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Today, Girl Scouts and Girl Guides around the world celebrate World Thinking Day, a holiday aimed at helping global scouts connect, reflect on their past, and raise money for worthy causes. Juliette Gordon Low, Girl Scouts’ founder, spent much of her life trying to make girls think—and as Rebekah E. Revzin writes, clues to what she wanted them to know can be found inside the handbooks, novels, and magazines of the early scouting movement.

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When Low founded the Girl Scouts in 1912, the idea of an organization just for young women was not new; in the South, where Low was born, temperance, social reform, and suffrage groups brought women together in public service. Low followed “a path that deviated far from what was expected of her,” Revzin writes, and the combination of her strict society upbringing and a cheating husband left her feeling unprepared and purposeless.

When Low’s husband died, she began to focus on art and travel in Europe. There, she met Lord Baden-Powell, founder of the scouting movement. Attracted to the movement’s discipline and lofty ideals, Low founded a girl scout group of her own.

Revzin finds clues as to Low’s outlook in Girl Scout literature, from her first handbook to the magazines and books that followed. Among them is plenty of work that underscores the concept of femininity; for example, the tenet of “doing a good turn daily” was tied to the ways in which it prepared women to be efficient homemakers and pillars of their community. The handbooks focused on housekeeping and hosting social events.

But that seemingly conservative focus is undercut by other messages. Revzin writes, “The Girl Scout literature encouraged girls to be strong, educated, self-reliant, and goal oriented, rather than timid, meek, subservient, and helpless.” This was particularly noteworthy given Low’s conservative upbringing. From swimming and camping to preparing for a career, Low’s organization forced girls to do their own research, their own outreach, and their own thinking.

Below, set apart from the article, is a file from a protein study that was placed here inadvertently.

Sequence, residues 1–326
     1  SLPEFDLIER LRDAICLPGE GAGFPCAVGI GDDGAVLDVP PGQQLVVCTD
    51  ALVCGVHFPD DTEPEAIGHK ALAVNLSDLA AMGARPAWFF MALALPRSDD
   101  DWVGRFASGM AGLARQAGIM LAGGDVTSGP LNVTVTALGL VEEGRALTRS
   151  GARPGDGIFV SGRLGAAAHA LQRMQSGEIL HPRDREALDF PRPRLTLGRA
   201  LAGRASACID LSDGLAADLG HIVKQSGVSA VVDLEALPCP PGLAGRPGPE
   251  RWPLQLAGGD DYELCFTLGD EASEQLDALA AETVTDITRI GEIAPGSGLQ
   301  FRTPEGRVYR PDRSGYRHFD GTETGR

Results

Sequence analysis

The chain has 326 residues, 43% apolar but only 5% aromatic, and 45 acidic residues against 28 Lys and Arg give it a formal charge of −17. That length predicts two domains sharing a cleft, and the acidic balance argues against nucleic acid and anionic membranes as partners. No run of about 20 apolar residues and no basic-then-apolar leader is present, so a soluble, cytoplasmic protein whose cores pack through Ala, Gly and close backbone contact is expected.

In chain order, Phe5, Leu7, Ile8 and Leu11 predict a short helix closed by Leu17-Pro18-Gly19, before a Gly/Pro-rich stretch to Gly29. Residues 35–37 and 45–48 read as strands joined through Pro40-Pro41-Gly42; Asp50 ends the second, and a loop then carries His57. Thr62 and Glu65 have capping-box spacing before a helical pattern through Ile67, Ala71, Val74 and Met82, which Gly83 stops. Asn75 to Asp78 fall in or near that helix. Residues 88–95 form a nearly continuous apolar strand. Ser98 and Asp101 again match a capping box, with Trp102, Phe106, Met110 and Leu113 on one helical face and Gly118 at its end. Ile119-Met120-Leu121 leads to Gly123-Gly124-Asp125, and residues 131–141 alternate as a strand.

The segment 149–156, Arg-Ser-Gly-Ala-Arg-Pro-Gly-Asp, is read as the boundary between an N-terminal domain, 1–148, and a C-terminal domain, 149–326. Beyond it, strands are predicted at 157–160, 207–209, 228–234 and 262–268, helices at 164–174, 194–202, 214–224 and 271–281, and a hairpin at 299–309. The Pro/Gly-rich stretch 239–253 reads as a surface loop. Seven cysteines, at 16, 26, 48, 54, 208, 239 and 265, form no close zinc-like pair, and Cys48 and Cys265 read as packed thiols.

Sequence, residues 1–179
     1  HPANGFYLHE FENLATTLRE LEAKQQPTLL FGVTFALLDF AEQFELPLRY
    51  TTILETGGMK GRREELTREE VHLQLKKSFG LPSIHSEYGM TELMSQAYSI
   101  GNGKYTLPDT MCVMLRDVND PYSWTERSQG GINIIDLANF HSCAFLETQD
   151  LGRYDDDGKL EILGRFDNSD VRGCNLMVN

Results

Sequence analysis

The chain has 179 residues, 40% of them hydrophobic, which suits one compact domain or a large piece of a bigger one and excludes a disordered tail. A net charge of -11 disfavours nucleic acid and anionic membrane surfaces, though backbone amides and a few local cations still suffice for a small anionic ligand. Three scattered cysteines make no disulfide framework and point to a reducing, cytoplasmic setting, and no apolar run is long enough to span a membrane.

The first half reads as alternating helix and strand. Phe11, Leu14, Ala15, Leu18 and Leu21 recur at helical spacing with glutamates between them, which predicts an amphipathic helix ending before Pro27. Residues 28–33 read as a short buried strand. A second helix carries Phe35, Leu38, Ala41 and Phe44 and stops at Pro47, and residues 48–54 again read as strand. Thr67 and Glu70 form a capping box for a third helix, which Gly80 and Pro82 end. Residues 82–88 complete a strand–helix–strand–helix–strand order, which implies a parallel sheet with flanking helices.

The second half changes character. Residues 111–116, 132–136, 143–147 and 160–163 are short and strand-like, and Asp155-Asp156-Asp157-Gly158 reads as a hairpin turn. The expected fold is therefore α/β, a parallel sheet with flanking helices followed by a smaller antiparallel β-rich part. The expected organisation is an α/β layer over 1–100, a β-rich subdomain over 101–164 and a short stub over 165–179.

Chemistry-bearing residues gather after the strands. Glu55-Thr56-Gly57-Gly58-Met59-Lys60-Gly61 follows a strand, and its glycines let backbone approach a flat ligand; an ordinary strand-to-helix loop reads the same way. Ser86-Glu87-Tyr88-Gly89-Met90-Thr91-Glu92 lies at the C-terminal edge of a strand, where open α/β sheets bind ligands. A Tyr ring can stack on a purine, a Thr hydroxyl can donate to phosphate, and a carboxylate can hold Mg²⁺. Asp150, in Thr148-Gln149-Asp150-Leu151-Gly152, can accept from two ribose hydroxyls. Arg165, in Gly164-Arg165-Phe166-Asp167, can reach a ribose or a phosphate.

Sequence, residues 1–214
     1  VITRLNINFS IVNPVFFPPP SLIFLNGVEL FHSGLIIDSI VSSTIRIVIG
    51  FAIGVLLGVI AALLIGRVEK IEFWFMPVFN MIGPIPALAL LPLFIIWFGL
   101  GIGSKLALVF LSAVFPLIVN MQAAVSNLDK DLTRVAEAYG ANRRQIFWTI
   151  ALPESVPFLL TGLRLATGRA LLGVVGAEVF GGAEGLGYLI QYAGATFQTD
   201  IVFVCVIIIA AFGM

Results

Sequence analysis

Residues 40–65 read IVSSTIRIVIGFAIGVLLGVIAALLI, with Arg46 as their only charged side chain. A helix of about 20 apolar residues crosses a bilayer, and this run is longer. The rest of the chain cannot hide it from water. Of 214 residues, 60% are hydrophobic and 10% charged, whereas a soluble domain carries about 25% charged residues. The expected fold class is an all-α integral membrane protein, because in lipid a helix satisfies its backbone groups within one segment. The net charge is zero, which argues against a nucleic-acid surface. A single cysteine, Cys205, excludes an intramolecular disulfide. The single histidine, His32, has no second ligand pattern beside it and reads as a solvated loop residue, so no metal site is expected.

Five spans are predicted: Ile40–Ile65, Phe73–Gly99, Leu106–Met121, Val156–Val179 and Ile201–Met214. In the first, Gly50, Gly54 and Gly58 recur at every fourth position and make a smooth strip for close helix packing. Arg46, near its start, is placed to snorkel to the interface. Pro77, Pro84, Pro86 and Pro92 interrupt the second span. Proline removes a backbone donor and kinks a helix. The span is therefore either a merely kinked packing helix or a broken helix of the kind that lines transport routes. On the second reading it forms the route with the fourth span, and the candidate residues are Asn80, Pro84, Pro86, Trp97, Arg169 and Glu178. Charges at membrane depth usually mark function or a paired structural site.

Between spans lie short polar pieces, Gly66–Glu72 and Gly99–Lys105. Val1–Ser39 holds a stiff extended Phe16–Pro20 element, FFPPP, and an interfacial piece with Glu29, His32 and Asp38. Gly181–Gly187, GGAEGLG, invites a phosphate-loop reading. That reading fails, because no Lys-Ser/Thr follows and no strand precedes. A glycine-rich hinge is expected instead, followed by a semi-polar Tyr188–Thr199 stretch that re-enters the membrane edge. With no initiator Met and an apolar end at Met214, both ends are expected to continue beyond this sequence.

Indeed, the “girl” in Girl Scouts also emphasized self-sufficiency. Members were encouraged to form strong bonds with one another as opposed to with the opposite sex; those female friendships “gave…young women a space in which they could operate with a moral code and could foster, through shared experience, a self-identity founded on accountability and a sense of importance.”

For some, Girl Scout is synonymous with cookies. But for the Brownies who tempt you with Thin Mints and the Seniors working on their Gold Award, Girl Scouting is an opportunity to develop self-sufficiency, independence, and friendships in an active, encouraging environment. As Revzin points out, Juliette Gordon Low didn’t just found a movement. She helped shape it—and with it, the lives of millions of girls, even more than a century after she founded the Girl Scouts.


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The Library Quarterly: Information, Community, Policy, Vol. 68, No. 3 (Jul., 1998), pp. 261-275
The University of Chicago Press